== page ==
It came to pass that Scheherazade, weary from telling tales to the king, sent for her sister to bring wool, silks, and needles from her father's home to while away the hours of the night. And when her sister had come, Scheherazade touched the skeins and saw in her mind's eye what they would become — a carpet, not a carpet to cushion her dainty feet on the king's marble floors, but something rarer, requiring greater skill.

Night upon night she worked with the deep blue wool her young sister wound in balls for her, the king nearly as mesmerized by the thread in her fingers as by the thread of her tale. The rosewood needles clicked and clacked gently with the rise and fall of her voice. She worked steadily on, knitting each stitch together with the magic of
her story.

As the nights wore on, the carpet grew. It grew to cover Scheherazade's lap, then spilled across the shining floor. At last it spanned the distance between her own silken cushion and the bed where the king reclined. It was enough. But as she looked at his face, she hesitated. Filled with danger as her life in the palace was, she was not yet ready to give it up.

So she cast on again and knit broad bands in the glass-green of Sinbad's sea, stranded with gold of burning sands and magicians' hoards. Slender ribbons of blood-crimson she worked as she told a tale of sisters turned to hounds,
forced to endure beatings before their curse was broken. Silver-white of moonlight and tinkling fountains swirled with velvety purple shadows where where thieves and lovers hid.

At last came the night Scheherazade had dreaded for a thousand nights. The king sent her away well before dawn. She saw him rise to pace his chamber as she left, and feared the worst. On coming to her own apartment she sent her sister back to their father's house, and dismissed her attendants. Then she cut shimmering silk and knotted it into a shining fringe at each end of her carpet. After she tied the last knot and straightened the last thread, she knelt upon the carpet, tears quivering in her eyes. If her tales had failed, if she could no longer save the maidens of her beloved country, at least she would not stay here to die.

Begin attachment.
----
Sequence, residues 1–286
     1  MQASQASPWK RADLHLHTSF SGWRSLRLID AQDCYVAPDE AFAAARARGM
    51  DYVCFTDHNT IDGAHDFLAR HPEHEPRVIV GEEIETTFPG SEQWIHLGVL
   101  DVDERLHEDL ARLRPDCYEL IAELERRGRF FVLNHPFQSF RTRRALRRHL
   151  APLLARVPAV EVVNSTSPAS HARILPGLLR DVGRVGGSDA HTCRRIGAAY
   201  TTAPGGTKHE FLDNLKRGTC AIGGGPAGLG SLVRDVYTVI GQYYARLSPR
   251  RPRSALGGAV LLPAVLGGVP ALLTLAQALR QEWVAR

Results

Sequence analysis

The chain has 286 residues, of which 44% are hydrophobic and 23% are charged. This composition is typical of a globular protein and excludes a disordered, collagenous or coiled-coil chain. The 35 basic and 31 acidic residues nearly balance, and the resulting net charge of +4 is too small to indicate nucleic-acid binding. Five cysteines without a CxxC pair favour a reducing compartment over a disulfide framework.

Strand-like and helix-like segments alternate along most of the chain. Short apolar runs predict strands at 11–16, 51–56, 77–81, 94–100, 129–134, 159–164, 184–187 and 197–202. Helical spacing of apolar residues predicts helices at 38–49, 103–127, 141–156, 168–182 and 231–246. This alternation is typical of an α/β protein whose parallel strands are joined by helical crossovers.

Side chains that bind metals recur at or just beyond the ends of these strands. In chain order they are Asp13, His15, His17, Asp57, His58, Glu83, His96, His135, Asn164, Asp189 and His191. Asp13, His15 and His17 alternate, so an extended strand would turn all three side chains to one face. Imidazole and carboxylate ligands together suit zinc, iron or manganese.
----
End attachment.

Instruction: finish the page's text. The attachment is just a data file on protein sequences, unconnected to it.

Laying her hands on the soft fibers, she commanded the carpet to carry her away to the place she would be happiest in all the world.

A breeze began to blow through the open window, billowing the curtains and weaving its tendrils into Scheherazade's cinder-black hair. The breeze grew to a wind, and the wind grew to a gale as the carpet rose
from the floor and floated out into the night. She looked down on the palace gardens as the carpet hovered for a moment, then shot out over the city. The carpet flew swiftly over tiled domes and gold-capped minarets, past the humbler dwellings of the common denizens of the city, and at last over the city wall. It flashed past desert sands, wide seas, snow-frosted mountains, and forests primeval until it was moving so fast Scheherazade could only grip the silken fringes, close her eyes, and hope it would stop. Then, suddenly, without a heave or a lurch, she realized she had stopped, and only a faint breeze brushed her skin. She smelled jasmine in the air. Stepping off the carpet, she opened her eyes and found herself in her own garden. The carpet slipped away into the palace as Scheherazade saw the king approach her with a smile and hands outstretched. His terrible order had been rescinded. Taking the hands of her beloved, her husband, she searched her heart and found a deep well of happiness there, now unclouded by fear.

Was this love only what had been there all along, or did the magic of all the happy endings Scheherazade had knit into her carpet make her wish come true? Scheherazade never knew, and the carpet kept its own counsel. The only sign it gave was three gold stars that appeared in the blue.